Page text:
Review: Evita at Regent’s Park Open Air Theatre

PUBLISHED: 14:39 09 August 2019

Samantha Pauly (centre) in Evita. Picture: Marc Brenner.

Samantha Pauly (centre) in Evita. Picture: Marc Brenner.

Archant

Following Jesus Christ Superstar’s resurrection, another Andrew Lloyd Webber and Tim Rice musical gets the Park treatment.

Ektor Rivera and Samantha Pauly in Evita. Picture: Marc Brenner.Ektor Rivera and Samantha Pauly in Evita. Picture: Marc Brenner.

Jamie Lloyd's stripped-down, super-sleek production ditches period trappings, and finds - via electrifying American actress Samantha Pauly - a diva dictator for 2019.

Dressed in a white slip and trainers, rather than wig and ballgown, Pauly's Eva convinces as a fiery, streetwise teenager longing for big-city adventure, while railing against snobs like those who shunned her lower-class family. Pauly blasts through opposition with powerful, wonderfully unforced vocals.

She has great chemistry with Trent Saunders' intensely physical Che, the challenger to Argentina's adored First Lady, while Ektor Rivera's Perón is an image-conscious chancer just like her.

Frances Mayli McCann brings stirring poignancy to "Another Suitcase in Another Hall", Adam Pearce's tango singer is amusingly cheesy (though his predatory behaviour is addressed by a female quartet), and Ellicia Simondwood is scene-stealing as the child used to whip up Saint Eva fever.

Evita continues at Regent's Park until September 21. Picture: Marc Brenner.Evita continues at Regent's Park until September 21. Picture: Marc Brenner.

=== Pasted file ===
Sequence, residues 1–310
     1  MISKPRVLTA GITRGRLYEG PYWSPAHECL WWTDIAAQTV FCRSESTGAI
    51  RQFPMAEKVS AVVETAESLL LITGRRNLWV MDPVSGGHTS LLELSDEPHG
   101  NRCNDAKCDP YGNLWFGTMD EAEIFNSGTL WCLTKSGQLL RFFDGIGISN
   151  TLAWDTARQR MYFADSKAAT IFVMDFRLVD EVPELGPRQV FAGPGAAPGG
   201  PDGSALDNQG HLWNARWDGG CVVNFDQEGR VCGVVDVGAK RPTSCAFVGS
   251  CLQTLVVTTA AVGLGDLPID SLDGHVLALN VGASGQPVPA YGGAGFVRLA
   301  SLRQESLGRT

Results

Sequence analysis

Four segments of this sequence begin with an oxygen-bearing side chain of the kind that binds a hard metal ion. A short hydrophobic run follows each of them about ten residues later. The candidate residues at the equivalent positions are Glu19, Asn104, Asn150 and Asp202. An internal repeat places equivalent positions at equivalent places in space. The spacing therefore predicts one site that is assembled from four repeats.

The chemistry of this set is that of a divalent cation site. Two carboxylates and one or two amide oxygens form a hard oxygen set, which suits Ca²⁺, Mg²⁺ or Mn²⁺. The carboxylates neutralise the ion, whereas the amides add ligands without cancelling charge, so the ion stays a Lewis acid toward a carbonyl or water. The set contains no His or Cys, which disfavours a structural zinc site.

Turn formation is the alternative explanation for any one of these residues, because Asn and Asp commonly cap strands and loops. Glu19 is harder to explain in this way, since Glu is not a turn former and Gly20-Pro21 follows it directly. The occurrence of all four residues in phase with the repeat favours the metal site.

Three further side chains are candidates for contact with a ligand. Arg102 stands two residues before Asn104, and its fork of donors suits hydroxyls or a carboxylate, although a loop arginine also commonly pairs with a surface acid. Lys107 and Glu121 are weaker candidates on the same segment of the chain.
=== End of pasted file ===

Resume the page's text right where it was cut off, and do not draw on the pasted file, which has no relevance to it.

The sensational ensemble is an expressive force throughout, whether heightening emotional beats or creating explosive set-pieces. Crucially, Fabian Aloise's modern, innovative choreography always serves the drama.

The starkness of Soutra Gilmour's concrete bleachers reflects the Peróns' hollow rule; it's just good "stage management". Creatively, burst balloons signal death, and blue paint blood. However, repeated use of smoke and confetti feels like overkill.

Otherwise, Lloyd makes effective, surprising choices throughout, serving Rice's incisive lyrics and Lloyd Webber's indelible score. Even "Don't Cry For Me Argentina" feels fresh, restlessly ambivalent about whether Eva buys into her own celebrity and fake populism, and if either satisfies her need for validation.

That brings to mind Evita fan Donald Trump, and Lloyd's production confronts the grim consequences of government by ego and deceit. But it's cautiously empathetic towards the scrappy, ambitious woman at the dark heart of this still provocative show.

Rating: 4/5 Stars.

Evita continues at Regent's Park Open Air Theatre until September 21. For more details and tickets, click here.

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